Privacy Commissioner finds Australia more confident in reporting breaches to police

The Office of the Australian Information Commissioner has found that only a handful of surveyed respondents would actively report the misuse of information to a state or federal Privacy Commissioner.
Written by Asha Barbaschow, Contributor

A report from the Office of the Australian Information Commissioner (OAIC) has revealed that only 53 percent of people it surveyed were able to nominate an organisation to report the misuse of their information to.

The OAIC said that when asked, only 47 percent admitted awareness of a Privacy Commissioner -- either federal or state level -- but a mere 7 percent said they would report misuse of information to a Privacy Commissioner.

Rather, 12 percent would prefer to report such acts to the police, and 9 percent would rather directly contact the organisation involved.

The 2017 Australian Community Attitudes to Privacy Survey (ACAPS) found that Australians have awarded the highest level of trust to health service providers, followed by financial institutions, and then both state and federal government departments.

Of the 1,800 Australians surveyed, 16 percent said they would avoid dealing with a government agency because of privacy concerns, while 58 percent would avoid dealing with a private company for the same reasons.

A number of questions revealed that while 46 percent of respondents are comfortable with government agencies using their personal details for research or policy-making purposes, 40 percent are not comfortable, with the balance still unsure.

The report [PDF] found that 34 percent of those questioned were comfortable with the government sharing their personal information with other government agencies, while only 10 percent are comfortable with businesses sharing their information with other organisations.

In regards to trading personal information for rewards and benefits, 33 percent said they would, with 32 percent of total respondents similarly saying they would trade personal information for better customer service.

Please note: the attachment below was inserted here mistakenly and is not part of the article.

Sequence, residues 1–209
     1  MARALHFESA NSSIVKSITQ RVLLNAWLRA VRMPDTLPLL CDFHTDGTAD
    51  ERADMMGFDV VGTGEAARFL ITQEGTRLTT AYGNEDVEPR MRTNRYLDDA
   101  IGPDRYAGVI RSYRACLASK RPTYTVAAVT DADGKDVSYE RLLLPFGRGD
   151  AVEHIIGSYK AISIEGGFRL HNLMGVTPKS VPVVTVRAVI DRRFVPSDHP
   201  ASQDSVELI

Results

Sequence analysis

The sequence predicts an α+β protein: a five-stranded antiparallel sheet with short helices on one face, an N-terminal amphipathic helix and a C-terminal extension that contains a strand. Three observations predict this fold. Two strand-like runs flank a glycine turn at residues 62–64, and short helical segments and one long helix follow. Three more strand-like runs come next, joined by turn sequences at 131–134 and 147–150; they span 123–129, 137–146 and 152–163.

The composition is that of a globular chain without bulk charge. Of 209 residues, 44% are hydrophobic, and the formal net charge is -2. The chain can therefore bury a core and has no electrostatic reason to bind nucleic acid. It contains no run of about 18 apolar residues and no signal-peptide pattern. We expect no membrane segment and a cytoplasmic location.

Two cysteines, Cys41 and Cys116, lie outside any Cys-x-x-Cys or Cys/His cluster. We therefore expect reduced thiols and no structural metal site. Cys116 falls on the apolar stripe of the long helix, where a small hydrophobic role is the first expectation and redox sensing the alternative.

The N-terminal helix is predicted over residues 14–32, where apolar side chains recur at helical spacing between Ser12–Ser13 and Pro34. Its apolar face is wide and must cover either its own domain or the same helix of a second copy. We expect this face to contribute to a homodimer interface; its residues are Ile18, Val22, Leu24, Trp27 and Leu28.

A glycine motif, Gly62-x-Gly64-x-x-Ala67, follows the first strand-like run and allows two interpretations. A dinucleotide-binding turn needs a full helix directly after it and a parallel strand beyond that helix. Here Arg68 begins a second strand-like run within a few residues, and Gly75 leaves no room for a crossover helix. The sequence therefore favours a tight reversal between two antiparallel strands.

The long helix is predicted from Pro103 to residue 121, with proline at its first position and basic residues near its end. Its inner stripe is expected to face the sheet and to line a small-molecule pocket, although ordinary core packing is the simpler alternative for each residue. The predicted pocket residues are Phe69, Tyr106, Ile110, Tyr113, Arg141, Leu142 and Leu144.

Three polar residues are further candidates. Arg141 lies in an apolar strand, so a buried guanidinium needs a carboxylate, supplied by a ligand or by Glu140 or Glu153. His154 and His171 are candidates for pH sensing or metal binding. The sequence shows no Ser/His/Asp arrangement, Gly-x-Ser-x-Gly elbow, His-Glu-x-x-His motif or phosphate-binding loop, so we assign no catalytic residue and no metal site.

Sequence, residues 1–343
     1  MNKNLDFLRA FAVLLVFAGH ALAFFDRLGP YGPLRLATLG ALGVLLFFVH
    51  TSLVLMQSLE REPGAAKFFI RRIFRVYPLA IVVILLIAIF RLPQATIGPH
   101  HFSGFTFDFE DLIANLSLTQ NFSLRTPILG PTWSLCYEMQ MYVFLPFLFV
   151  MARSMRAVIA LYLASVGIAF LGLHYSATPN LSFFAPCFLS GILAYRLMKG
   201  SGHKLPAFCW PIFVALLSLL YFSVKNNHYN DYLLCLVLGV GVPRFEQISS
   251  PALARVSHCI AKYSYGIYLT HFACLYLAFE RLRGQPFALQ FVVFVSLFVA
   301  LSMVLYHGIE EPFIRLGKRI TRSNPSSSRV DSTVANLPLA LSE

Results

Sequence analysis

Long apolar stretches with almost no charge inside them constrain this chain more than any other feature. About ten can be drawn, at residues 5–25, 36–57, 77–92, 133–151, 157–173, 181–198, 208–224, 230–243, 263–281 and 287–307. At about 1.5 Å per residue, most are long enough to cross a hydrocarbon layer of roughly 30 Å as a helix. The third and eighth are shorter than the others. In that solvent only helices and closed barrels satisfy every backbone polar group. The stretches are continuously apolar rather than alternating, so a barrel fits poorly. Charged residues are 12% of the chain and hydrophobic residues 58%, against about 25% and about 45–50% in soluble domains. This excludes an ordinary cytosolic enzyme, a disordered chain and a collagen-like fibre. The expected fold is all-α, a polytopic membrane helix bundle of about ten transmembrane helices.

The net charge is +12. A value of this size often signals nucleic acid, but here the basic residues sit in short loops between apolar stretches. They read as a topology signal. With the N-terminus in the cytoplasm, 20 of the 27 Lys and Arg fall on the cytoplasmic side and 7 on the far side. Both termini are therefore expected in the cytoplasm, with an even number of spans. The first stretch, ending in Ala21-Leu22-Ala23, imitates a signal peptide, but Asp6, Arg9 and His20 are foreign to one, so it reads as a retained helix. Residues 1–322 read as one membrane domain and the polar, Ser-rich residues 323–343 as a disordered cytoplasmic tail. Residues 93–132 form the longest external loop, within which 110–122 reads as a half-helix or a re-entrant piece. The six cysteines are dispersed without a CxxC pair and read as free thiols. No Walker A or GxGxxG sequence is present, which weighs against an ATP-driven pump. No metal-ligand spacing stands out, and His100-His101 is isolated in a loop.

20 percent would do so for the chance to win a prize, the report said.

On the topic of misuse of information, those surveyed considered examples to be an organisation that a person has not dealt with before obtaining their personal information; personal information being revealed to other customers; and personal information being used for a purpose other than the one it was provided for.

28 percent of respondents said they had a problem with the way their information had been handled in the previous year, but only 37 percent knew they could request access to their personal information held by government entities.

Handing over financial details was flagged by 42 percent of respondents as the information they are most reluctant to provide, followed by addresses, with 24 percent of respondents concerned with someone knowing where they live as their first worry and 11 percent confirming they have previously been a victim of identity fraud or theft.

The ACAPS study has been conducted in various forms since 1990, shifting in 1988 to cover the private sector in unison with the extension of the Privacy Act. The survey was broadened to its current scope in 2001, and this year, the survey was completed using two starting samples giving 800 fixed-line/mobile telephone interviews and 1,000 online panel interviews. Previous studies were conducted entirely by telephone.

The 2017 ACAPS report covered areas such as: Federal privacy laws and community understanding of their coverage; understanding of the risks inherent in giving personal identified information to government and business; attitudes towards business and government's personal information data handling practices; the trade-off between convenience, reward, and giving personal information; the prevalence of problems and how to deal with them; personal data and new technology; and identity fraud and theft.

"The privacy landscape has evolved, community expectations have followed, and now our responses need to move to the next iteration," Australian Information and Privacy Commissioner Timothy Pilgrim said in his opening remarks.

The report also found that 32 percent of respondents believe the biggest privacy risk facing the community is online services such as social media, with 25 percent of those surveyed saying they regret the information they have broadcast on such platforms.

Similarly, the OAIC said only 21 percent of respondents felt comfortable with targeted advertising based on their online activities, and 17 percent felt comfortable with social networking sites -- such as Facebook and Instagram -- keeping databases of information on their online actions.

However, when it comes to protecting their personal information, things haven't changed much since the 2013 ACAPS report: 61 percent of respondents admitted they do not regularly read online privacy policies; 50 percent do not regularly shred documents; 50 percent do not clear their browsing history; and 43 percent have not adjusted their privacy settings on social media sites.

From February 22, 2018, Australian businesses will be required to report data breaches to the OAIC and to the people whose data has been lost or released inappropriately.

The Privacy Amendment (Notifiable Data Breaches) Act will apply to all businesses, government agencies, and organisations covered by the Privacy Act.

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